Including the elderly in our digital society
Different areas of society are transitioning from analogue to digital systems at an increasingly rapid rate. General statistics may lead to the belief that this transition is happening smoothly, even for older people. But the research gives a different picture.
More than 95 per cent of Sweden’s adult population are categorised as 'Internet users' and Swedes over the age of 76 are the fastest growing age group for internet use. A closer look at the statistics reveals a less positive picture, however.
In 2017, results were published from extensive national surveys on the use of digital technology by older people. They were part of a research project run by Ulli Samuelsson, Assistant Professor of Education at the School of Education and Communication, Tobias Olsson at Lund University, and Dino Viscovi at Linnaeus University. The results were clear – at least 400,000 people in the 65-85 age group find themselves outside the digital society.
“It was a real eye-opener and the survey results have been frequently referred to in the national debate,” says Ulli Samuelsson.
An increase with significant differences
In 2020, the project carried out additional survey studies on the same theme. The results gave a somewhat more positive picture, and, at an overarching level, it was confirmed that older people had increased their internet use during the pandemic. However, delving deeper into the statistics, there were socio-economic circumstances which were significant factors.
“If we consider factors such as household income and education level, we see that the increase occurred among people with a good economy and higher education level. This group doubled their use compared with those with a poorer economy and lower education level. While some of the research has focused on helping people to become more digitally empowered, the pandemic has made this more difficult because people need proximity to support and to make investments in new technology. For those who are less well off, and without access to a social network, it becomes very difficult to start and continue using digital technology,” says Ulli Samuelsson.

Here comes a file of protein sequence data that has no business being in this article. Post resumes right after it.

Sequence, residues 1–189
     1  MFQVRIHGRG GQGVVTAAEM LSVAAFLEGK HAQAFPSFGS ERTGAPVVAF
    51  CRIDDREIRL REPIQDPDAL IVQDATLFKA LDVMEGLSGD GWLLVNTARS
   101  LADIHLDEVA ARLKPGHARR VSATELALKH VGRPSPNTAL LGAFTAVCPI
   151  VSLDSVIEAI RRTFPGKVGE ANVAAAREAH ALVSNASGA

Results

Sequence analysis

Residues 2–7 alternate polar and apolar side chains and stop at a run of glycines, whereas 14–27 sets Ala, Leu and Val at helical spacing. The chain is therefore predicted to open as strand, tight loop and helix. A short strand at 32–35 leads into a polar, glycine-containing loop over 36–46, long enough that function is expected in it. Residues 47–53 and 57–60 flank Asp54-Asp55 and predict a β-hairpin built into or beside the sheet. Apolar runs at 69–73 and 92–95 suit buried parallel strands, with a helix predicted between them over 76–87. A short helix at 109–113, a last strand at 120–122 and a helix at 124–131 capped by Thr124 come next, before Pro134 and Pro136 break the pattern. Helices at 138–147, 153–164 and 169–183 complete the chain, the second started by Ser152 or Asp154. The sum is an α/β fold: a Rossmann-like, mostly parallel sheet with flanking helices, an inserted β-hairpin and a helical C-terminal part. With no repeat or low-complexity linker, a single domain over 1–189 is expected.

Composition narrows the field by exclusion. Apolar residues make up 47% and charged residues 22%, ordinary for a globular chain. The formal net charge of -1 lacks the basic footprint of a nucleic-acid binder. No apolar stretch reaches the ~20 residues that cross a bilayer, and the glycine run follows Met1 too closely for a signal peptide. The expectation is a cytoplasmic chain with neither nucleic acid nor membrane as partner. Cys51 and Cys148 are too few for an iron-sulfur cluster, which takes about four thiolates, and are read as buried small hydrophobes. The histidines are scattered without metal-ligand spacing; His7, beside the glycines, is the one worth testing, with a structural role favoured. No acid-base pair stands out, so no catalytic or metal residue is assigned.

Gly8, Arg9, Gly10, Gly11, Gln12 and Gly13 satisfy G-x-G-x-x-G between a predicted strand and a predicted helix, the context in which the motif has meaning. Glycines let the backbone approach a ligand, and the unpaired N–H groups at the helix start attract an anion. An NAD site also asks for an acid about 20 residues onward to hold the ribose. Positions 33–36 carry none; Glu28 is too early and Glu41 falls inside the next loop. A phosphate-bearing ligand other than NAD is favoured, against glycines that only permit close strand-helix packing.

"For those who are less well off, and without access to a social network, it becomes very difficult to start and continue using digital technology."
A bigger challenge around the corner
Much of the digitalisation support for older users is provided on a voluntary basis, for example through adult education providers or relatives. According to Ulli Samuelsson, there is a need for more initiatives to be organised by the municipalities, for example.
“Society requires us to be digitally active, but it does not always create the necessary foundations for this.”
Will the situation improve as the next generation reaches the older age category? That is far from guaranteed, according to Ulli Samuelsson.
“We may face an even greater challenge at that point because it is taken for granted that an already digitalised generation will continue to be digitalised. However, even then, socio-economic factors will continue to play a role. Simply changing the look of an app or changing digital terminology can cause problems. And, as a pensioner your financial situation can deteriorate, making it harder for you to upgrade your digital tools.”
"The focus is too narrow, so we have worked together to get older people involved at an early stage in the technology development."
Focus on needs of elderly users
Internet access and support for digital tools are two given factors that can reduce digital exclusion. However, it is also important for the design of digital solutions itself to have the older person as its point of departure.
Sofi Fristedt is Associate professor in Health Sciences and Director of Jönköping Academy (JA), a research centre founded by Jönköping University and the Region Jönköping County Council. JA has a focus on quality improvement, leadership, innovation and co-creation in health and welfare. Fristedt also leads JA’s participation in a new graduate school that has been granted just over SEK 25 million from the Knowledge Foundation and is coordinated by Halmstad University.